Three simple tips for cell phone safety

Do cell phones contribute to brain cancer? I get asked this question a lot.

And the truth is, the jury is still out on this one.

I can tell you that I keep my phone well away from my body when using it. But not because I know something everyone else doesn’t. Unfortunately, there’s still no right or wrong answer yet about whether there is a problem, much less how to address it. And when all the cards are finally on the table, I have a feeling the conclusion still won’t be so cut and dried.

So far, we have nearly 30 population studies that have examined the link between cell phones and head cancers (namely, of the brain and salivary glands). It’s enough that the International Agency for Research on Cancer (IARC) felt compelled to label the phones “possible” carcinogens five years ago.

And based on what we do know — mostly from the results of lab research dealing with cell cultures and animal models — the IARC champions the idea of cell phones as a potential “co-carcinogen.” Five of these studies showed that this type of radiation contributed to cancer development in combination with exposure to known cancer-causing chemicals.

In other words, perhaps cell phones don’t trigger brain cancer. They just help it to grow faster than it otherwise might.

This isn’t exactly a reassuring theory. But it would help explain why the link between cell phones and brain cancer is so unpredictable. (Let’s face it, the incidence of brain cancer in the population is pretty low compared to the use of cell phones. Now, whether that changes in the coming years, only time will tell.)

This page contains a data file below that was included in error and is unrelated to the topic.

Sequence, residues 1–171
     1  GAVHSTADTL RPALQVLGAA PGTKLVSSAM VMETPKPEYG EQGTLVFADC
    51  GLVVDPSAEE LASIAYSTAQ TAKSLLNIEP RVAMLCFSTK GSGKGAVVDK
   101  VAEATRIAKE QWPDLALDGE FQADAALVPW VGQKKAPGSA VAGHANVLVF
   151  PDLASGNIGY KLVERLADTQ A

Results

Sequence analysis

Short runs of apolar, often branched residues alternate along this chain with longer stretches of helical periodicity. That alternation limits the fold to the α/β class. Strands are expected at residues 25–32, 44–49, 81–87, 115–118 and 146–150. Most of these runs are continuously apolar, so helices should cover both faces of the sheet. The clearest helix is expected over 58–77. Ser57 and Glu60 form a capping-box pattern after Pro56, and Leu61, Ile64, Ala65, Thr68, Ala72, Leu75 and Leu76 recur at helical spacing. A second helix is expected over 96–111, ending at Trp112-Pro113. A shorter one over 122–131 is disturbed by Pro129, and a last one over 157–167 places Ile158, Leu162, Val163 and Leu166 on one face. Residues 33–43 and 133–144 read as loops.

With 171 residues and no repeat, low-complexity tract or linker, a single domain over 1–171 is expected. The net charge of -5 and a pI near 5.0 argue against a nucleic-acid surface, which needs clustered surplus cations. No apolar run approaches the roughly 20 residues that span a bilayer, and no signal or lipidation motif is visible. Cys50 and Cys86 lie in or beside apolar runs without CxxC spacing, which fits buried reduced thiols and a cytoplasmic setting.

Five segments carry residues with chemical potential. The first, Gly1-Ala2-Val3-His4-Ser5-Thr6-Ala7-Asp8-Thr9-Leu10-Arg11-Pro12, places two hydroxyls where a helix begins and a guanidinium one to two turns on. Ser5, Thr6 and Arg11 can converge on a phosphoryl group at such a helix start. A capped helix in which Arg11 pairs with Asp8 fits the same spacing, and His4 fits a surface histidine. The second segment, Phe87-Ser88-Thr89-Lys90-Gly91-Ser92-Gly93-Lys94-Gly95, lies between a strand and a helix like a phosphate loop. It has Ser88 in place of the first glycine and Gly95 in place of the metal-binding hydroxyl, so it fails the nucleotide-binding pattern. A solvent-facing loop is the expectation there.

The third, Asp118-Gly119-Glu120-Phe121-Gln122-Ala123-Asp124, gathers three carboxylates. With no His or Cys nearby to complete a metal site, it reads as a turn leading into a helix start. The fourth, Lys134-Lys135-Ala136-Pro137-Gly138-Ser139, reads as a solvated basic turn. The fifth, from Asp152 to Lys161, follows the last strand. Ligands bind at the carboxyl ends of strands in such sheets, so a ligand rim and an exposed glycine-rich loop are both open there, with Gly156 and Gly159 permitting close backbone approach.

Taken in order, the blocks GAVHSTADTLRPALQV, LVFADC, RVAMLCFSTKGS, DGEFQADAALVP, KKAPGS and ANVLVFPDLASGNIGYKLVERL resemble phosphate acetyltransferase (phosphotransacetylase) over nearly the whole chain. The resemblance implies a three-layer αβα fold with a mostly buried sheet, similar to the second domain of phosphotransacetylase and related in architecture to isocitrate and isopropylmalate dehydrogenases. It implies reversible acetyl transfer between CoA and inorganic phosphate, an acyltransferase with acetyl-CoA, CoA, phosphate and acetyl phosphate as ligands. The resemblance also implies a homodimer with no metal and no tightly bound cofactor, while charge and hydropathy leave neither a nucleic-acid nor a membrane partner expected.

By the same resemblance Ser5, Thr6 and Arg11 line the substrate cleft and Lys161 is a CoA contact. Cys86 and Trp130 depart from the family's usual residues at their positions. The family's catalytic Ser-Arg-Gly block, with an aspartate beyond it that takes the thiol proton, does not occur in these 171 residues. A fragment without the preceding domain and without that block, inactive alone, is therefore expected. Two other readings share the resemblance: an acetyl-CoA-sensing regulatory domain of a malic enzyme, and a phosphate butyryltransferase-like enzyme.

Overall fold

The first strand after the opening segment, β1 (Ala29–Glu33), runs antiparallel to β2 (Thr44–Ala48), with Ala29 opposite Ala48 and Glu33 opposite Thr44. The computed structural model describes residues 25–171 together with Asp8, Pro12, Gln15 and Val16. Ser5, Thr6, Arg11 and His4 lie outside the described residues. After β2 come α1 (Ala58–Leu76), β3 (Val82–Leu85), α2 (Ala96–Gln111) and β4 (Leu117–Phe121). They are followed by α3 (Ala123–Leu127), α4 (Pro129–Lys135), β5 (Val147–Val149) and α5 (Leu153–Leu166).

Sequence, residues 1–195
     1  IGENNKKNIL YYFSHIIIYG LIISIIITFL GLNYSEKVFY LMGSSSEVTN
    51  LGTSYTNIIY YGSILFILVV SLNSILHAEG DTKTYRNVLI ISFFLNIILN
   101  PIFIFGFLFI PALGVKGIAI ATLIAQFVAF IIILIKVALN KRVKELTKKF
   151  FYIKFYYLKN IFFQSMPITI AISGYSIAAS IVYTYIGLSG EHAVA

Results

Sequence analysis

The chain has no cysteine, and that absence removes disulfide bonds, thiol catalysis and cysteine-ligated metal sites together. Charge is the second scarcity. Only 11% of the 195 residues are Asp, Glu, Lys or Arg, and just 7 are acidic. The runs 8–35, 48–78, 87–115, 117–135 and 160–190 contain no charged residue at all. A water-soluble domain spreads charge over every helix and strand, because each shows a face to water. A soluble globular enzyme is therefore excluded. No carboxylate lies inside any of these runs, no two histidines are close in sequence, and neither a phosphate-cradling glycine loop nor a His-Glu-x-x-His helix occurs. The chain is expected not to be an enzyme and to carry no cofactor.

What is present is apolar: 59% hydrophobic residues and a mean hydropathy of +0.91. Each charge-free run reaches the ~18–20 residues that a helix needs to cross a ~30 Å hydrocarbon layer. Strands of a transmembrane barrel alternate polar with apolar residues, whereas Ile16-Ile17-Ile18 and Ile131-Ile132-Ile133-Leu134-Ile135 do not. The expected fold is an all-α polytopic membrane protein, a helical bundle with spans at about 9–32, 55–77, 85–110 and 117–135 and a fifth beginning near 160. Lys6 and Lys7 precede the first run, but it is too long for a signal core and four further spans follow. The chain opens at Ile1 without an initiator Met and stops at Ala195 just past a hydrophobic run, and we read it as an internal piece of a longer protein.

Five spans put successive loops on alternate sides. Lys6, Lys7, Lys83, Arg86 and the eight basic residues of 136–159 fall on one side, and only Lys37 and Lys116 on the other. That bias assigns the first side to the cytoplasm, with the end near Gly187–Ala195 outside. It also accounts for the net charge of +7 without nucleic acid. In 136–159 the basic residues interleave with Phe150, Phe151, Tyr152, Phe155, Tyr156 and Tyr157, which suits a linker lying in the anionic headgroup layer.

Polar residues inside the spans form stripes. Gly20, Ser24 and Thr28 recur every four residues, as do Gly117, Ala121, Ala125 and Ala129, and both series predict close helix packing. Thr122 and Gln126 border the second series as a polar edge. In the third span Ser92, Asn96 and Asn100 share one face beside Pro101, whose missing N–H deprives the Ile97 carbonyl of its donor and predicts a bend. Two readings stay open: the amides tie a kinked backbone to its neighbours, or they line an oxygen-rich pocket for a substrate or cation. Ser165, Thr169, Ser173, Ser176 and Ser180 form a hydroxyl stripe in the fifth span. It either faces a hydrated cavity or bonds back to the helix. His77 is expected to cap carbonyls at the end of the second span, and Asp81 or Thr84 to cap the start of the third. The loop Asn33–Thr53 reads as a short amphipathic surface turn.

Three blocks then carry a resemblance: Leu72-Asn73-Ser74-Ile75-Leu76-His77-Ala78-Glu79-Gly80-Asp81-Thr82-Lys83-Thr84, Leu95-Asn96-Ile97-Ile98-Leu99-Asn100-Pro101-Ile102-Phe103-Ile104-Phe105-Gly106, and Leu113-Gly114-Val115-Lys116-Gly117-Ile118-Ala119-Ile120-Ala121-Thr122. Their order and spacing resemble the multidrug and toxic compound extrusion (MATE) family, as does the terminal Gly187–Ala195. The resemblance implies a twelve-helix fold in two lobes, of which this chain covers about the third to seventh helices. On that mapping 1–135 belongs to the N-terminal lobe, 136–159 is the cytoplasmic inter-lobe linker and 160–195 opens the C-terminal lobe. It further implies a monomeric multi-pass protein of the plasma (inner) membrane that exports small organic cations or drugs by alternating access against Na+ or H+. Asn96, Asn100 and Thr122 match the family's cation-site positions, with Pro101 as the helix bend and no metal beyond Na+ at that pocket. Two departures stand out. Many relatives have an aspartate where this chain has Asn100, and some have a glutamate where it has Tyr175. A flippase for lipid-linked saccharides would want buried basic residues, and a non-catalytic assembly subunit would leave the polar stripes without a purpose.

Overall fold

Recent results from rat research performed by the U.S. National Toxicology Program reveal similar inconsistencies. Like the fact that, so far, male rats exposed to cell phone radiation seem to be affected by a low rate of brain and heart cancer. But not female rats. (This is compared to unexposed controls, which experienced no brain cancer at all.)

The bottom line? We simply need more research. But on humans, at least, these types of controlled experiments are all but impossible.

For one thing, how many people would willingly enroll in a study where they have to be exposed to known carcinogens?

Then there’s also the problem of finding someone, anyone, who doesn’t use a cell phone these days. Sure, you might be able to find pockets of people — among the elderly, maybe the Amish. But not enough to serve as reliably matched controls.

Unfortunately, we’re stuck having to make do with what we’ve got — and make decisions about how to protect ourselves based on that admittedly incomplete picture.

Is it enough for me to tell you to ditch your cell phone? No. And that wouldn’t be practical anyway. Even for me, these little devices have become an indispensable part of daily life.

But I can give you a few critical tips.

  • Use hands-free devices whenever possible.
  • Always keep your cell phone away from your head — not to mention your chest and your genital area. (Away from your person whenever possible is best.)
  • And whatever you do, don’t sleep with you cell phone right next to you. Power it down and give your body a break.

Until we know more, you’re better safe than sorry. Now if you’ll excuse me, I have to run… my phone is ringing.